Although many states are working on the expansion of reimbursement for telehealth, others are still set on containing and limiting the delivery of telehealth services. While each state has its own unique laws, rules and Medicaid program policies, there are certain similar trends which come to light if several policies are scrutinized. For instance, Medicaid reimbursement for live video is more frequent than reimbursement for remote monitoring of patients and store-and-forward.
The time period between 2013 to 2015 saw steady growth and upward trends in reimbursement for store-and-forward and remote monitoring of patients; however, this growing number has currently reached a sudden halt, and remains the same as it was at the time our last report was published, in July 2015. However, there are some promising signs – although some states are not moving forward on telehealth, others are progressing in this regard.
In Washington, for example, the Medicaid program now provides some reimbursement for services delivered via store-and-forward. On the other hand, the Medicaid program in Oklahoma has stopped reimbursement for store-and-forward. These differing policies point at a wider issue regarding the unpredictable nature of policies throughout the country.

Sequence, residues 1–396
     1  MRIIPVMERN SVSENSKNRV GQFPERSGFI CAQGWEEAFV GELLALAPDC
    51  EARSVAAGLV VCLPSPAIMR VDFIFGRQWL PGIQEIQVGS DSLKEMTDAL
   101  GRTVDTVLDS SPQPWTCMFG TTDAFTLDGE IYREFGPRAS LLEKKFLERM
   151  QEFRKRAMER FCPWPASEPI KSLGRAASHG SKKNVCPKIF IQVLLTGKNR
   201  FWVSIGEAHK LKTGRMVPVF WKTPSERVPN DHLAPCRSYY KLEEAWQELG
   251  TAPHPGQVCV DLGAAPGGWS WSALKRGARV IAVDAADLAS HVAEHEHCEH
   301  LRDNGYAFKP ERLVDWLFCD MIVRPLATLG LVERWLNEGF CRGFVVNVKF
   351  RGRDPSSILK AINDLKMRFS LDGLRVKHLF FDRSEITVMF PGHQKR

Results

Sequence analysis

Some key findings are as follows:
• As it was the previous year, 47 states and Washington DC offer reimbursement for certain types of live video through Medicaid fee-for-service. Iowa’s Medicaid program established that they do offer reimbursement for live video; however, the telemedicine policy for Utah is not available, which means Utah cannot be included in the list of states that provide reimbursement for live video. Owing to this, the number of states that offer reimbursement for telemedicine services remains the same as last year.
• As mentioned previously, Oklahoma’s Medicaid program does not provide reimbursement for store-and-forward anymore, while Washington’s Medicaid program now does so. So, the number of states that reimburse for store-and-forward continues to be a total of nine. This number does not include states that provide reimbursement only for teleradiology.
• Since July 2015, no changes have been observed in state Medicaid programs’ provision of reimbursement for remote patient monitoring; it continues to be in effect in 16 states.
• Five Medicaid programs, for the states of Washington, Minnesota, Alaska, Mississippi and Illinois, provide reimbursement for all three, although this is subject to certain restrictions. This has increased by one since July 2015.